Election Day: Questions, What to Look For and a Few Predictions

Voting boothElection primary day is finally here in California. Watching much of the rest of the country’s voters engage in the process of choosing presidential nominees is little more than a spectator sport for Californians. While the choices of whom to vote for have been limited by those other states’ voters, Californians now will get a chance to speak through the ballot. Other important races will be decided, as well, and analysts will be looking for trends that could indicate how November campaigns turn out.

A few items to think about and a look into a cloudy and cracked crystal ball:

The Presidential Campaigns

Questions/What to Look For: Is the reported surge in Democratic registration a sign that the Bernie Sanders campaign is bringing in new voters? Will they show up on Election Day? On the Republican side, does Trump’s presumptive nominee status keep some Republicans away from the polls affecting down ticket races? Is there a protest vote against Trump by some GOP voters who either skip the presidential ballot or vote for another name in the Republican column?

Prediction: Hillary Clinton wins the Democratic primary by a larger margin than the 2-percent edge most polls have been predicting. A protest vote against Trump will be measured by his securing about 75% of the Republicans who vote, meaning one-quarter of the Republicans are not satisfied with the GOP presumptive nominee.

U.S. Senate

Questions/What to Look for: Will Attorney General Kamala Harris have a large commanding lead over the second place finisher or will the race be within 10-15%. If the latter, and that second place finisher is Congress member Loretta Sanchez, that will set up an interesting fall campaign for the first major seat affected by the top two primary. Will Latino voters rally to Sanchez in big numbers? (And how will that affect the thinking of those considering statewide races in 2018? I’m thinking of you, Antonio.)

Prediction: Harris has a comfortable win. If Sanchez qualifies for the finals, her fall campaign will turn on how Sanchez manages to find the sweet spot of corralling enough Democrats while attracting a strong Republican vote.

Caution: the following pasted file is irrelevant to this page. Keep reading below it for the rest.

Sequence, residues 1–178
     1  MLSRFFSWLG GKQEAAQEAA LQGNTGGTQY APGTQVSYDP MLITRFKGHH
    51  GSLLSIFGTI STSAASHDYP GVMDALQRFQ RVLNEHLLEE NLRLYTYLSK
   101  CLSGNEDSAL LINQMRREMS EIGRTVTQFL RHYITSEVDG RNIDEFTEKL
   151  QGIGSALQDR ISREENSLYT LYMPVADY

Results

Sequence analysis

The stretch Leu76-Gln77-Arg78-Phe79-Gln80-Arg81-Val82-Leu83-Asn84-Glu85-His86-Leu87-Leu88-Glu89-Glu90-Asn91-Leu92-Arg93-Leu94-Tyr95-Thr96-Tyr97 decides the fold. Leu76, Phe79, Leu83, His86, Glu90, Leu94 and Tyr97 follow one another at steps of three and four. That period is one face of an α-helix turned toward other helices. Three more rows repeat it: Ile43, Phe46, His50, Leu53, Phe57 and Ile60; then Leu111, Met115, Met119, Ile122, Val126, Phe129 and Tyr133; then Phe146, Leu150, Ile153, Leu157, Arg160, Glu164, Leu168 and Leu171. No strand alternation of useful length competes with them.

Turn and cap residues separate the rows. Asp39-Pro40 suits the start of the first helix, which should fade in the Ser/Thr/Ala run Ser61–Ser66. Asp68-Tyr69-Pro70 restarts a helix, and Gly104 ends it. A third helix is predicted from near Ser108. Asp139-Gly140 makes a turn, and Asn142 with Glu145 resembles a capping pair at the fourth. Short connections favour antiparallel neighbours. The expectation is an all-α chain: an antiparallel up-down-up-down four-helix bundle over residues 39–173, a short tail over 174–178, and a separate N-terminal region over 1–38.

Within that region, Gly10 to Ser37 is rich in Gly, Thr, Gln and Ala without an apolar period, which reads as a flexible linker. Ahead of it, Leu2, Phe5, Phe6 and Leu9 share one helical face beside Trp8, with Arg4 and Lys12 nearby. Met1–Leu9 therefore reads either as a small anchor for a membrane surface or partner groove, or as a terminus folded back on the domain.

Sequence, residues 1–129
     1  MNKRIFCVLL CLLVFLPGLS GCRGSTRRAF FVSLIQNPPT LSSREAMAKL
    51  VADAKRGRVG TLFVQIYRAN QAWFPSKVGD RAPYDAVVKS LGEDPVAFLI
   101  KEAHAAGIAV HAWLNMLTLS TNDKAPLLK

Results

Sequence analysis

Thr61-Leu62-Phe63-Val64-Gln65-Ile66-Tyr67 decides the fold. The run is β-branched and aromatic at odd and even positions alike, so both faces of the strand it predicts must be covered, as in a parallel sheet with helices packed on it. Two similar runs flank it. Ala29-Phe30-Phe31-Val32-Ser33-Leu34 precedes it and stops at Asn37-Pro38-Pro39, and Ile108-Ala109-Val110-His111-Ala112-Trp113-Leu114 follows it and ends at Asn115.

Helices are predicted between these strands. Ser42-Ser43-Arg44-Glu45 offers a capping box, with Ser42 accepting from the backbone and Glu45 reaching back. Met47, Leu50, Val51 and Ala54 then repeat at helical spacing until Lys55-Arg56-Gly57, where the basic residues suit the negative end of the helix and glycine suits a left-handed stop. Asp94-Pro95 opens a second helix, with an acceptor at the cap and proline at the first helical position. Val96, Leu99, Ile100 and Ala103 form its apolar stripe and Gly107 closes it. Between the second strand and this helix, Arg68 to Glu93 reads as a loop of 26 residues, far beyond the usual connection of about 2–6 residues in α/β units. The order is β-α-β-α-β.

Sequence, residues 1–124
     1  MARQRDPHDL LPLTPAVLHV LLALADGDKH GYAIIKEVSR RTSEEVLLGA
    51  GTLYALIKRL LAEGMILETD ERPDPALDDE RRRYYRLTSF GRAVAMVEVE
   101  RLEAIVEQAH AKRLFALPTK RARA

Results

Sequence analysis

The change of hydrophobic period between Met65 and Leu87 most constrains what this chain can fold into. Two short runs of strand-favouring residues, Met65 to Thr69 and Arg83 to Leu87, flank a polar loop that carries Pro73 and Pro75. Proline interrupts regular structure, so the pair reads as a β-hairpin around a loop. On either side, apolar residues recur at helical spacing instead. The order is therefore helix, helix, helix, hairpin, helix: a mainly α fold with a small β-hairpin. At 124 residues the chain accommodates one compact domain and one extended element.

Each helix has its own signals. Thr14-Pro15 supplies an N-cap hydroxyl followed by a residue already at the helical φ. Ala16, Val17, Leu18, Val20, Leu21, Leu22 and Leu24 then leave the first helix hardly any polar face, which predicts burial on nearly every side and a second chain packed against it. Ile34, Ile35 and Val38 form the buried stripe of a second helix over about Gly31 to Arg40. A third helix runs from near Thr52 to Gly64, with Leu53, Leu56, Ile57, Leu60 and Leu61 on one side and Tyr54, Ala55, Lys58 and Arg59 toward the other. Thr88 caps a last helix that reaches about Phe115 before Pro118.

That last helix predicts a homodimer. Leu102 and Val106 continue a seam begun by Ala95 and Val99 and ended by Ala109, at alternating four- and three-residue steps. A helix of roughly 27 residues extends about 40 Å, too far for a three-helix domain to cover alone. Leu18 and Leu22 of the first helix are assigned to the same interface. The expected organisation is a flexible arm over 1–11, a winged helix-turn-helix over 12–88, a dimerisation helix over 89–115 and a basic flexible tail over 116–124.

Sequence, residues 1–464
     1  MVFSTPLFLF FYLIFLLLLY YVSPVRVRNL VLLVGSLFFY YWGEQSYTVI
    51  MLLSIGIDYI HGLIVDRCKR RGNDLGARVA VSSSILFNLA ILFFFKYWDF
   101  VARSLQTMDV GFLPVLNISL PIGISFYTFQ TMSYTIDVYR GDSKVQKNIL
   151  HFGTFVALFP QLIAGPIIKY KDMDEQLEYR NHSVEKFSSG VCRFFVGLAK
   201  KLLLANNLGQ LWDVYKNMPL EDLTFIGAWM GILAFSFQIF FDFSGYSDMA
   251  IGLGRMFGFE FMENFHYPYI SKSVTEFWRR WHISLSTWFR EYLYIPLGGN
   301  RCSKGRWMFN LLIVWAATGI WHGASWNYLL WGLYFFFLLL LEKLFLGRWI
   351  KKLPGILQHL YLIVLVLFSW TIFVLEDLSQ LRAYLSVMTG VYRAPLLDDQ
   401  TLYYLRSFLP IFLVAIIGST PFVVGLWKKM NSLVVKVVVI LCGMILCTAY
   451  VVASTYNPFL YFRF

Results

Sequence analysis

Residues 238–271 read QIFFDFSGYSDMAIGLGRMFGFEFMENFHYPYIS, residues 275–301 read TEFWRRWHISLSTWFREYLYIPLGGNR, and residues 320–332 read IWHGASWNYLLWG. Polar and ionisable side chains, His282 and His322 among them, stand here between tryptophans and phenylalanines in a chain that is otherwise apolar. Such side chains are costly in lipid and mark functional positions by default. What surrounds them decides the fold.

Shaping the Legislature

Questions/What to Look for: Outside competing interests are pouring in big money to help shape a legislature supportive of their issues. Will a trend of more business friendly Democrats continue to blossom or will labor and progressive candidates score big? Much of the independent expenditures come from advocates on both sides of education and environmental issues and success could lead to dramatic changes on how those issues are addressed by the next legislature. If the environmental candidates do well, will that increase the interest of environmentalist/financial player Tom Steyer to consider a gubernatorial run? Will a dominant Democratic showing increase the chances of the Democrats securing supermajorities in both houses in November? Or will supermajority even matter if a large number of Democratic victors are considered pro-business Democrats?

Prediction: Californians deep-blue hue will only become deeper—at least on the surface. However, business will do well enough to make for some interesting top two runoffs in November and keep the intramural conflicts within the Democratic Party active.

Local Measures

Questions/What to Look for: Many tax and bond measures appear on local ballots. Will success or failure of these measures be a harbinger for how voters will respond to statewide tax and bond measures in the fall? Will success of a nine-county parcel tax to protect the San Francisco Bay mean more regional ventures around the state in the future?

Predictions: According to the historical record, a large number of the tax and bond measures pass at the local level. That record remains intact. However, this may not be an indication of how voters will respond to statewide measures in November. The statewide measures often have more sophisticated opposition campaigns than local measures face. If the San Francisco Bay parcel taxes pass–close, but I think the measure will pass–it will encourage those who believe dealing with some of California’s problems over a sprawling area calls for regional solutions and we will see more efforts in that direction.

This piece was originally published by Fox and Hounds Daily